Wednesday 19 March 2008


almond scented madeleines

After the resounding success of the Marshmallow Fluff-filled Bittersweet Chocolate Ganache-dipped Chocolate Madeleines with all my tasters, I thought it would be appropriate to go back to the basics and try a traditional madeleine recipe again.
In my Williams Sonoma: Essentials of Baking cookbook, I found a simple batter that yielded the most tender madeleine ever. I adapted the recipe to be lightly scented with almond and it tasted superb even 3 days later! I simply popped the madeleines in a toaster for a light warming and they tasted fresh again! These are the types of madeleines made for dunking a la Proust. I particularly enjoyed the tender crumb of these cakes and intend to make it again and again.

this madeleine recipe is my favourite so far because of its ethereal almond scent and tender crumb

Almond Scented Madeleines

(adapted from "Orange Madeleines", Williams Sonoma: Essentials of Baking)

2 large eggs
1/3 cup (3 oz/90 g) granulated sugar
1/4 t salt
1/2 t vanilla extract
1/4 t almond extract [I used 1/2 t almond extract]
1/2 cup ( 2 1/2 oz/75 g) all-purpose flour, sifted
1 t grated orange zest [I omitted this]
1/4 cup )2 oz/60 g) unsalted butter, melted and cooled

  • Position a rack in the middle of the oven, and preheat to 375degrees F (190degrees C). Using a pastry brush, heavily brush room-temp. butter over each of the 12 molds in a madeleine pan, carefully buttering every ridge. Dust the molds with flour, tilting the pan to coat the surfaces evenly. Turn the pan upside down, tap it gently, and discard the excess flour. [I used baker's spray and did away with all of these steps! ;p ]
  • In a large mixing bowl, combine the eggs, granulated sugar and salt. Beat on medium-high speed about 5 minutes. Beat in the vanilla and almond extracts. Sprinkle the sifted flour over the egg mixture and mix on low speed to incorporate.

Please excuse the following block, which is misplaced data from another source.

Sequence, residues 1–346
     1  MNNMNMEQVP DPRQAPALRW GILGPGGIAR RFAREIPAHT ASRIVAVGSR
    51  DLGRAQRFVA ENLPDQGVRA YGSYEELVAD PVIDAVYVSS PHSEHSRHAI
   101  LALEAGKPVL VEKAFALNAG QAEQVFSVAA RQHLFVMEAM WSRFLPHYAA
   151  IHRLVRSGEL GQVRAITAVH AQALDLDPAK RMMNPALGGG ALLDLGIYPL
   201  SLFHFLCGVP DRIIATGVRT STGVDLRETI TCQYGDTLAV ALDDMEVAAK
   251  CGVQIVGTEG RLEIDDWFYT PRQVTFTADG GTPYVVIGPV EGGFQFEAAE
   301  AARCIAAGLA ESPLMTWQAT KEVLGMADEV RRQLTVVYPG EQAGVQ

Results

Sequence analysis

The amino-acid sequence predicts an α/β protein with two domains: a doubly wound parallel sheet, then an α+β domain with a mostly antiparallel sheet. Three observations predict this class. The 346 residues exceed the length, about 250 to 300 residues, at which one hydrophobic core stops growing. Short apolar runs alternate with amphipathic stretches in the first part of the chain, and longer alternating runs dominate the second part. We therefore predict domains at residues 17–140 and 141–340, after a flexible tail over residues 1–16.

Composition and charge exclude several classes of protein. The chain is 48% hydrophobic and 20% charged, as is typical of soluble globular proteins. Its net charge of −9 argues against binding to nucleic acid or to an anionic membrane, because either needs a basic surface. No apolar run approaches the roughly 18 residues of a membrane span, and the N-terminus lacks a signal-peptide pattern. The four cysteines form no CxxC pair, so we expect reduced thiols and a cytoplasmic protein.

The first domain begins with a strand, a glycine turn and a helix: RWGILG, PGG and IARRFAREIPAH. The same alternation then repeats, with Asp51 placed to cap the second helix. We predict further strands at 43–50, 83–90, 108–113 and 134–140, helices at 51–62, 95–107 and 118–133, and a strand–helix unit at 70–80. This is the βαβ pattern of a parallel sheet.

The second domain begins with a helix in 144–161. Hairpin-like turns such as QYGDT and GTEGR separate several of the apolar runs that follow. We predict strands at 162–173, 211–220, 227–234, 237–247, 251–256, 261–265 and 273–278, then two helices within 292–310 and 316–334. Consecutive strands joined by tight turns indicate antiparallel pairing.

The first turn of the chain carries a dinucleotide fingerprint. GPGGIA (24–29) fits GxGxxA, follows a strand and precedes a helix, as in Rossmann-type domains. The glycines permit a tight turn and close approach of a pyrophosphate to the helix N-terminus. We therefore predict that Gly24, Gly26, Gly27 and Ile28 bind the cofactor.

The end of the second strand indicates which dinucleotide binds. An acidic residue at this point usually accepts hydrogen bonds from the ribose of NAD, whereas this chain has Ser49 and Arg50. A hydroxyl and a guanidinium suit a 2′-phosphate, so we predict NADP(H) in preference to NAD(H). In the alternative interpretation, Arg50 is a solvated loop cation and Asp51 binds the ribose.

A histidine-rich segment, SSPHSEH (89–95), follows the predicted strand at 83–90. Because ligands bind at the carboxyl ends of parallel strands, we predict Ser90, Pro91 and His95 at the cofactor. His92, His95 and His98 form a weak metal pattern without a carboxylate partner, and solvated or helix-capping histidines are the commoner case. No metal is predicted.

• Using a rubber spatula, gently fold in the orange zest [I omitted this] and half of the melted butter just until blended. Fold in the remaining melted butter.
  • Divide the batter among the 12 prepared molds, using a heaping tablespoon of batter for each mold. Bake the cookies until the top springs back when touched, 8-12 minutes [mine took 15-18 minutes].
  • Remove the pan from the oven and invert it over a wire rack, then rap it on a rack to release the madeleines. If any should stick use your fingers to loosen the edges, being careful not to touch the hot pan, and invert and rap again.
  • Let cool on the rack for 10 minutes. Using a fine-mesh sieve, dust the tops with confectioners' sugar and serve [I didn't need the confectioners' sugar...besides I couldn't wait to taste one]. Alternatively, cover with plastic wrap and store at room temperature for up to 3 days. Before serving, heat the cookies in a 250degreeF (120degree C) oven until warm, then dust with the confectioners' sugar.


Anonymous said...

Tender is RIGHT! Oh my gosh, those look like the best madeleines I've ever seen!

Patricia Scarpin said...

I have made almond madeleines, using a different recipe, and they were wonderful. Yours look so beautiful!

cakewardrobe said...

This looks so light and fluffy! It looks like it'd melt right in my mouth! Yum!

Irene said...

I just found your website, and wow, am I glad that I did! I love the tender madelines and the way you describe them, I immediately want to rush off to the store and buy a madeline pan (pace yourself, Irene, pace yourself). :) Thanks for sharing!

test it comm said...

Nice looking madeleines. I like the sound of almond madeleines.

Cakespy said...

Now these would make Proust proud!! Gorgeous photos, and the recipe sounds like it yields a nice, moist crumb. (Uh oh, did I just get a little too poetic there?!?).

Anonymous said...

Wow. Look at these babies!
The texture looks amazing. Nice job!

Now hand-over the leftovers! :-)


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